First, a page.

All this data was combined in a consistent way to map the orbital positions and velocities of two stars. This is quite an achievement, because for each observation the telescope points in a slightly different direction, with different exposure times, and taking into account other small differences. While other telescopes also have data available, the public records were not detailed enough to allow the scientists to process the data in a consistent manner. That’s a pity, because the dataset consists of about 100 observations from these two telescopes alone. Imagine what would have been obtained if more telescopes had accessible data?

What have we learned after all this? General relativity is still right and accurately predicted stellar motion. These measurements tested general relativity in a way unlike any that had come before — in fields of high gravity over long periods of time. In particular, the new measurements helped set limits on extensions of general relativity that follow a kind of modified Newtonian dynamics model. In these models, there is a distance at which a new force becomes apparent, and that force has an unknown characteristic force. So astronomers look for a consistent distance at which there is a noticeable deviation from the predictions. However, the measurements tell us that for any distance relevant to the orbit of these stars, a new force would have zero force.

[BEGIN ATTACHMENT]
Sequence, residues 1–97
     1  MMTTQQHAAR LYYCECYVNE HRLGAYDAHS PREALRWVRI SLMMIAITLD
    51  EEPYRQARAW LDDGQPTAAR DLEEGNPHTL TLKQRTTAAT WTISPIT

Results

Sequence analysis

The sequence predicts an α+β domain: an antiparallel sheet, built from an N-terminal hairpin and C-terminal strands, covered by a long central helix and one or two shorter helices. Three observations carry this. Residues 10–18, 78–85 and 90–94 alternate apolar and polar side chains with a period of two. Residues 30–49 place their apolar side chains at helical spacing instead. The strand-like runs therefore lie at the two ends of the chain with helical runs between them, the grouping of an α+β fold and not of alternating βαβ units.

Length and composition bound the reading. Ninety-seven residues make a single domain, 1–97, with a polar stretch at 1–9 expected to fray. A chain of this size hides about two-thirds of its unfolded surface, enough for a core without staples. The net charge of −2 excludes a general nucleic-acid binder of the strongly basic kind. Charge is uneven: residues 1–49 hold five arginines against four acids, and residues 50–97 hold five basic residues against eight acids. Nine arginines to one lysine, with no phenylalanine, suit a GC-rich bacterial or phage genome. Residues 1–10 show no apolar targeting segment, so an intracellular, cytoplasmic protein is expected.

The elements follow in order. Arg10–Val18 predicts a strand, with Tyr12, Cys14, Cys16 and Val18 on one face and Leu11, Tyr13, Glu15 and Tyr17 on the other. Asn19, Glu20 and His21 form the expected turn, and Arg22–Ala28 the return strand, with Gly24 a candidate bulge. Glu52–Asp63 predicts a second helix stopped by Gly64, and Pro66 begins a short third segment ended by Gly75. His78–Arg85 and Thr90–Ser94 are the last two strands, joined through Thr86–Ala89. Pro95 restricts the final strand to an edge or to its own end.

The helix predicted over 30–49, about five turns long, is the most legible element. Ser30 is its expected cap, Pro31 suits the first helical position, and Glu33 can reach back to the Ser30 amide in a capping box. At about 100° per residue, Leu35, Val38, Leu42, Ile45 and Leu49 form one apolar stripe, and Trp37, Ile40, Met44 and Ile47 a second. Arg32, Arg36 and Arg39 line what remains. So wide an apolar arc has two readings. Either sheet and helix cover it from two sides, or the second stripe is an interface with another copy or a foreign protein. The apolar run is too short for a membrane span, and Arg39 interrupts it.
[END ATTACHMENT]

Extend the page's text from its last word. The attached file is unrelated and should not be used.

Or rather, a new force would have a force so small that we cannot yet measure it. Conclusion: general relativity wins again.

Normally I read these kinds of articles with interest, but I rarely report on them. The problem isn’t that the researchers found nothing; often they found nothing, but only in a way that is slightly more sensitive than their previous paper. But this article represents more than a test – it really is the start of something new.

A big, open data future

One of the themes emerging in scientific research is open data. Science has always generated more data than it can handle. In the past, most data was collected in physical objects: think astronomical plates, X-rays, electron microscope images, and many other types of collections.